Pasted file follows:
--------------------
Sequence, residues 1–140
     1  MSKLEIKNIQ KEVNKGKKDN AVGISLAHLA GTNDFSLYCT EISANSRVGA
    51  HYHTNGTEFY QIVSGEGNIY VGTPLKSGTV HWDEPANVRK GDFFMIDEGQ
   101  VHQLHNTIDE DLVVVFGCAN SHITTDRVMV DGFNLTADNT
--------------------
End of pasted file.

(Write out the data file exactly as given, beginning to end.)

Sequence, residues 1–140
     1  MSKLEIKNIQ KEVNKGKKDN AVGISLAHLA GTNDFSLYCT EISANSRVGA
    51  HYHTNGTEFY QIVSGEGNIY VGTPLKSGTV HWDEPANVRK GDFFMIDEGQ
   101  VHQLHNTIDE DLVVVFGCAN SHITTDRVMV DGFNLTADNT